Thursday 26 February 2015
‘Cities are key to the establishment of the Energy Union project’ said Commission Vice President Maroš Šefčovič yesterday at a high-level roundtable which gathered some 20 leaders of European cities. Cities are the largest consumers of energy in Europe, and where three quarters of carbon emissions are generated. A successful EU Energy Union must tap into the potential of local energy resources and actively involve local authorities and their citizens.
Local and regional authorities are more ambitious than national governments
Cities, municipalities and regions are crucial players when it comes to energy security: the 6000+ Sustainable Energy Action Plans being supported through the Covenant of Mayorsare expected to reduce gas consumption by 58% in some of the EU’s most energy-dependent countries. Covenant signatories have together committed to reducing carbon emissions by 28% until 2020, beyond the EU’s own targets.
‘The Covenant of Mayors is an example for Member States. Mayors collaborate better at a EU level than national governments, independently of their party because they are closer to their citizens’, said Daniel Termont, Mayor of Ghent.
Cities are ahead of the game on supply security and emission reductions
If the EU is to genuinely address the issue of energy security, it should start local. Cities of all sizes are already finding new ways to produce energy locally, alleviating pressure on grids and reducing the need for complex and extensive pipeline infrastructure. To make this happen, community-led projects should be further supported as proposed by George Ferguson, Mayor of Bristol: ‘I am independent, I have no political ambition and I am prepared for change. Now it’s up to the EU to enable the communities to develop their own energy programmes, because energy is also a social issue, not just an environmental one’.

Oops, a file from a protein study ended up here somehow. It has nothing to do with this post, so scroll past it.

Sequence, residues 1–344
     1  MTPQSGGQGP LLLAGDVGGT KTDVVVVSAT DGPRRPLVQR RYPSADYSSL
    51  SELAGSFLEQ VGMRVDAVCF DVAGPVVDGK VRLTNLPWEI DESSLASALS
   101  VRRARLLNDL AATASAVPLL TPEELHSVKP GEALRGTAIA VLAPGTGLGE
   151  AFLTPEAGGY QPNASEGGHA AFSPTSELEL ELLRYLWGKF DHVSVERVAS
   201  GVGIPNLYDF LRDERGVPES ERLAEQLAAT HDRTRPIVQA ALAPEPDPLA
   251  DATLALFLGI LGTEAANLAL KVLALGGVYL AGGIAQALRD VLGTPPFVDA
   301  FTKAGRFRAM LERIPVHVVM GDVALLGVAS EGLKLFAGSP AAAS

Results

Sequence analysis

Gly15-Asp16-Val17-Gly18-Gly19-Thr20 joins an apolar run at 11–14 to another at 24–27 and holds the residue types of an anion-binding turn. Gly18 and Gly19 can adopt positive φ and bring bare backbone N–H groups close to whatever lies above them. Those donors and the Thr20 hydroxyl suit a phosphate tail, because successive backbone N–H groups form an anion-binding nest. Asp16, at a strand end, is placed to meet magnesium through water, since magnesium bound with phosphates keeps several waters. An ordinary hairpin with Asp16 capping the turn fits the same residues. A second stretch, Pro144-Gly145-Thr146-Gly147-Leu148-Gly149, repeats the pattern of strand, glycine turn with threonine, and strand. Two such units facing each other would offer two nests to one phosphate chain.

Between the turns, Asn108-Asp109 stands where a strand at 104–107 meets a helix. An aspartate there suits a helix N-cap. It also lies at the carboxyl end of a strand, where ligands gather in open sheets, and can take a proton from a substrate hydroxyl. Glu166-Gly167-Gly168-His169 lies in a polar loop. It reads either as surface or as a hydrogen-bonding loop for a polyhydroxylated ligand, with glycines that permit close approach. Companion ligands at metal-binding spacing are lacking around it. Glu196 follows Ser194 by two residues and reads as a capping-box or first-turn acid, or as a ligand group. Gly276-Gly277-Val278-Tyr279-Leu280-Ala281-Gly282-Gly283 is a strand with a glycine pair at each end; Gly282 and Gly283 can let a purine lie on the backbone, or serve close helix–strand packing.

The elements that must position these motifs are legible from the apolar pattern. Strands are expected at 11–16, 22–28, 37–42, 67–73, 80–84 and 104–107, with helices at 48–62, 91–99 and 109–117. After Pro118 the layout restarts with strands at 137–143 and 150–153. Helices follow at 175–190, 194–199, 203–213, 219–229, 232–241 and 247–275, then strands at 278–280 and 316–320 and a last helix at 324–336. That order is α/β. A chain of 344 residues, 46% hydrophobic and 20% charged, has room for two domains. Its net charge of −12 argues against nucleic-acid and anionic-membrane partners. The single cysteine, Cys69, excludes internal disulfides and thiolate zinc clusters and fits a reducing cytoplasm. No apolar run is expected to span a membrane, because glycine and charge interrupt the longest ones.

Local governments are closer to citizens
Involving local authorities is also the most effective way of engaging citizens in the Energy Union. They are the level of government closest to the people and can have a direct impact on the way citizens travel, consume, work and live. On this topic, MEP Claude Turmes welcomed the technology-focused innovation brought about by the Smart Cities programme but insisted on the broader and ’more important’ need for societal innovation such as the EU Covenant of Mayors initiative. As stated by Mayor of Almere, Annemarie Jorritsma-Lebbink, ’while the Covenant of Mayors is driven by citizens’ needs, the Smart Cities and Communities initiative is mainly an-industry oriented approach.’
© photo town of Bistrita
February 26, 2015